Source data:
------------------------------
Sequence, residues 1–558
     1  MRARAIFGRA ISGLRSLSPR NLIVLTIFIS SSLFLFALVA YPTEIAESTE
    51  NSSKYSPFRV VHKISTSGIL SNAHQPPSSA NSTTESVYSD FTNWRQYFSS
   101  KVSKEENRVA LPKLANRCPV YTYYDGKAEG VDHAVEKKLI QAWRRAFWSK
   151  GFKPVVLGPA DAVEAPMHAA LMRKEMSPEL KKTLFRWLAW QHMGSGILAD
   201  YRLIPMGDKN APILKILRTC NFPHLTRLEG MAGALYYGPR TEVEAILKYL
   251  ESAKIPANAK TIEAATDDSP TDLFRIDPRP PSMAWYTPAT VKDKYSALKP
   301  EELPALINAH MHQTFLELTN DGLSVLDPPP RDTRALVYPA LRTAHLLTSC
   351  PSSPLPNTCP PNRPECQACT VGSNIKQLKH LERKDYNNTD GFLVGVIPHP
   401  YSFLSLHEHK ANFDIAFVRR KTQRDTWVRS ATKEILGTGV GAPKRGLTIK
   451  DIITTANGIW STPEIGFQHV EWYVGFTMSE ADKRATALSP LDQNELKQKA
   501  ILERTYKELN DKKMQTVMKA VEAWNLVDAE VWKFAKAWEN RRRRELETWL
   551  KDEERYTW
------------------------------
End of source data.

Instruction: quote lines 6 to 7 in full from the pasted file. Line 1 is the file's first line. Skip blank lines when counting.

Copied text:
   201  YRLIPMGDKN APILKILRTC NFPHLTRLEG MAGALYYGPR TEVEAILKYL
   251  ESAKIPANAK TIEAATDDSP TDLFRIDPRP PSMAWYTPAT VKDKYSALKP